At first glance, this photograph of curious clownfish (Amphiprion ocellaris) peeking out from the safety of their sea anemone home looks idyllic—a classic portrait of a cooperative relationship between two species. But a closer inspection reveals a far more macabre sort of arrangement.
Inside each clownfish’s mouth resides a hitchhiker, a parasitic crustacean called an isopod that feeds off the fish’s blood. While these free-riders aren’t often photographed, they’re relatively common reef residents: There are more than 300 described species of parasitic isopods in the family Cymothoidae, each of which attaches to a specific host fish. The species captured here by photographer Qing Lin is almost certainly a new addition to that list, since scientists have yet to officially describe an isopod that targets clownfish in the genus Amphiprion. Scientists are, however, aware of its existence. Over the past year, a research team from the Queensland Museum in Australia has frequently observed these “tongue-biters” infesting clownfish in Indonesia’s Lembeh Strait, and they hope to collect specimens for analysis in the near future.
Isopods like these first enter their host as juveniles through the fish’s gills. They then journey to the mouth cavity and attach to the fish’s tongue with hook-like appendages. “The tongue parasites feed directly from the tongue of the host fish by sucking the blood, much like female mosquitoes,” says Rick Brusca, an invertebrate zoologist at the University of Arizona. The isopod will stay attached long enough to complete its life cycle—anywhere from 60 days to 1 year, depending on the species. During this time, an adult will hold its embryos in a brood pouch until the young are developed enough to strike out on their own, in search of a new host.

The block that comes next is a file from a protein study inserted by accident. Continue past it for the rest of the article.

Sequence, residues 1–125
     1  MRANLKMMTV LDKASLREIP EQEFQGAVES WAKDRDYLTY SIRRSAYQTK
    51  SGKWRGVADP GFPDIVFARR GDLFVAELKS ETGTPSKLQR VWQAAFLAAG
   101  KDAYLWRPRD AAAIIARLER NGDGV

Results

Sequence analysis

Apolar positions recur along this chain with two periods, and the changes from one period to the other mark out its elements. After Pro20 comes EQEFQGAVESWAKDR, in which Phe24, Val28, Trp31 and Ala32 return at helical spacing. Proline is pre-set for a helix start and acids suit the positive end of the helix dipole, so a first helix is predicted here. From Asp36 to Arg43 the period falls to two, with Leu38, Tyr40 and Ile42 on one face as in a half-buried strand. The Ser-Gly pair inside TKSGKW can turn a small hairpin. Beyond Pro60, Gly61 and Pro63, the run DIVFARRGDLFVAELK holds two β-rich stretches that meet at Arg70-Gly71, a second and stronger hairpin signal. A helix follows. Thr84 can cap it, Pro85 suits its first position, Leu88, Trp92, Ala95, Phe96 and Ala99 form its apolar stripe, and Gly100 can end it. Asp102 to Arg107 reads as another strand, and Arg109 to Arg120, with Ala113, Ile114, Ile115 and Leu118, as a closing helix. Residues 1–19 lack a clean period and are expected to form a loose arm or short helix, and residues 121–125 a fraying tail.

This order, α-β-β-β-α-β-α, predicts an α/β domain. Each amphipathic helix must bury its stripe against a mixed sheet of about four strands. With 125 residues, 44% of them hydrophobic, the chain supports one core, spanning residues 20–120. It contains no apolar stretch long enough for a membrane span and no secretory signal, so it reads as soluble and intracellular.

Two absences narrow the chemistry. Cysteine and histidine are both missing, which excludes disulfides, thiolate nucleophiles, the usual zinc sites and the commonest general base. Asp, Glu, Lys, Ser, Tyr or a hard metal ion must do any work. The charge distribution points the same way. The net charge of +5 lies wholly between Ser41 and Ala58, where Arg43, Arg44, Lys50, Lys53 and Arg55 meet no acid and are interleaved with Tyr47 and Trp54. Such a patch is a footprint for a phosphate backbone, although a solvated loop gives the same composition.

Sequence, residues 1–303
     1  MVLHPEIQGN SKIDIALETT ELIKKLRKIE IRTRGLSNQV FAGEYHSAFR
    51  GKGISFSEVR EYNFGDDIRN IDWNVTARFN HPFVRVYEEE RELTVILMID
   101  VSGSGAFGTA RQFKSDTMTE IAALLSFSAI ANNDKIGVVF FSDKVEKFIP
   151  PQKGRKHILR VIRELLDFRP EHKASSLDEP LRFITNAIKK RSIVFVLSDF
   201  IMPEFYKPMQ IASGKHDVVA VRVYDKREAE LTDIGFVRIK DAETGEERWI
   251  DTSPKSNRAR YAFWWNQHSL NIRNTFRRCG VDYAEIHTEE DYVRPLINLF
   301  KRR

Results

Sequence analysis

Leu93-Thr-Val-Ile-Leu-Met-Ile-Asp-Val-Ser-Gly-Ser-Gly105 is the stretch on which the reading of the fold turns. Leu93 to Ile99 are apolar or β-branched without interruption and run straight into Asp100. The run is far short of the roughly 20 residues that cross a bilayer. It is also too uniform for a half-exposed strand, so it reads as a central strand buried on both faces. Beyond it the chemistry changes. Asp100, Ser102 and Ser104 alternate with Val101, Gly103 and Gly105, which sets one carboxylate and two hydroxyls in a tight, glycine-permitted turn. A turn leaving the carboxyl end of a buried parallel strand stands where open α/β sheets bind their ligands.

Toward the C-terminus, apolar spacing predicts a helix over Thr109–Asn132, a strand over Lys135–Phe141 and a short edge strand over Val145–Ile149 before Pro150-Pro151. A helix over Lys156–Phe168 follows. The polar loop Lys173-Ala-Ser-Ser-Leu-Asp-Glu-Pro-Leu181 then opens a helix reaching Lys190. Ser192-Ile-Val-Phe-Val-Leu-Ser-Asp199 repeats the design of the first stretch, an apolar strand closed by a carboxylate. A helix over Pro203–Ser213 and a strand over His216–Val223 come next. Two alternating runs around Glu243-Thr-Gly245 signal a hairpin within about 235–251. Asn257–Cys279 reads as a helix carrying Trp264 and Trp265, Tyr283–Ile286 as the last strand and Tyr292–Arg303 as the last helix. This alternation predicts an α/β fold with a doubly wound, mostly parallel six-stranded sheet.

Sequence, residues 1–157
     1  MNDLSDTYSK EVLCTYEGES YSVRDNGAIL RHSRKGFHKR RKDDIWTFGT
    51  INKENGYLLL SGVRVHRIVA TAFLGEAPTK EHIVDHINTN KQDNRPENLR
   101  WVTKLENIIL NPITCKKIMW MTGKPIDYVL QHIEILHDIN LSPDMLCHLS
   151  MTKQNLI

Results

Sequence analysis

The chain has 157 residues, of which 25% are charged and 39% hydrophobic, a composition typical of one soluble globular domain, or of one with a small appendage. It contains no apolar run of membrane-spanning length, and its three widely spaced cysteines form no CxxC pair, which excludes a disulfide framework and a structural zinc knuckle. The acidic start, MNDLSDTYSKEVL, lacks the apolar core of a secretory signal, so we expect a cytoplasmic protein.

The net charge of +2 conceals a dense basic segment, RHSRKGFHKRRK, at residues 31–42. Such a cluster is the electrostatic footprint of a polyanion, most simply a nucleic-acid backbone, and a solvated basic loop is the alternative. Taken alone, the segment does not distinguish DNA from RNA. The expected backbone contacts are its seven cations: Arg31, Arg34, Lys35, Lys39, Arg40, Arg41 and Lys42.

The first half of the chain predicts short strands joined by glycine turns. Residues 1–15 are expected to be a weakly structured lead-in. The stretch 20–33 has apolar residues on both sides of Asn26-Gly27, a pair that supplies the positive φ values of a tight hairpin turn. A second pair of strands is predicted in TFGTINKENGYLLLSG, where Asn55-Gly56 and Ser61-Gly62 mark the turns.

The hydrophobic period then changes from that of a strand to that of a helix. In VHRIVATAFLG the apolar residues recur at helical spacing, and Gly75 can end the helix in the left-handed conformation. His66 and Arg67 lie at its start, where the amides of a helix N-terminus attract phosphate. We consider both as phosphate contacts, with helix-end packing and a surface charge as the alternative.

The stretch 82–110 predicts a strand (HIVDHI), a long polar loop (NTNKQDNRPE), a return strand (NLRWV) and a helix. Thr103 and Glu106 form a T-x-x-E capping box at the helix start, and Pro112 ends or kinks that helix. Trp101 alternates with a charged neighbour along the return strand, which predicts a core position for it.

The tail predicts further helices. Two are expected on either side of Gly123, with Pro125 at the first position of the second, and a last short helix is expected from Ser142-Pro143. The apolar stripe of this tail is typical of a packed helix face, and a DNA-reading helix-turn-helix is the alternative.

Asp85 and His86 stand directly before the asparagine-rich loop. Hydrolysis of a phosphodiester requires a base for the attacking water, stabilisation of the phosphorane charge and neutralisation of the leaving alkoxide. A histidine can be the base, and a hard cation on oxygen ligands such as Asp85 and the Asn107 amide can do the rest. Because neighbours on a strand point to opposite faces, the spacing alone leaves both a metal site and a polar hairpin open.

As an isopod feeds, its body swells, often nearly filling the mouth of the host. Despite this nuisance, the clownfish is usually still able to feed normally, consuming its diet of algae, krill, copepod fragments, and other invertebrates. Indeed, scientists have found very few examples of cases in which parasitic isopods inflict any lasting harm on their hosts. However, several studies of other host species have demonstrated that in high-stress circumstances, including immersion in warmer-than-usual water, infested individuals have higher rates of mortality than parasite-free fish. This is yet more evidence that climate change will bring complex and often unpredictable changes to the ecosystems we rely on. For now, these incognito crustaceans are merely uninvited, but tolerated, company for the clownfish in Lembeh Strait—visitors that eat their fill and stay too long, but eventually leave their hosts in peace.
Lembeh Strait in North Sulawesi, Indonesia
Qing Lin took up diving in 2002 and began experimenting with underwater photography in his spare time in 2006. Lin was also appointed an official photographer for the 2008 Beijing Olympic Games. His isopods-in-clownfish photo was a winner in the 2017 underwater photographer of the year competition. Lin is based in Toronto, Canada.
Katie Jewett is a science writer, producer, and communications manager at the Stanford Center for Ocean Solutions where she loves learning something new every day about our planet. Previously, she spent winters in the Colorado Rockies and summers living and working on the water.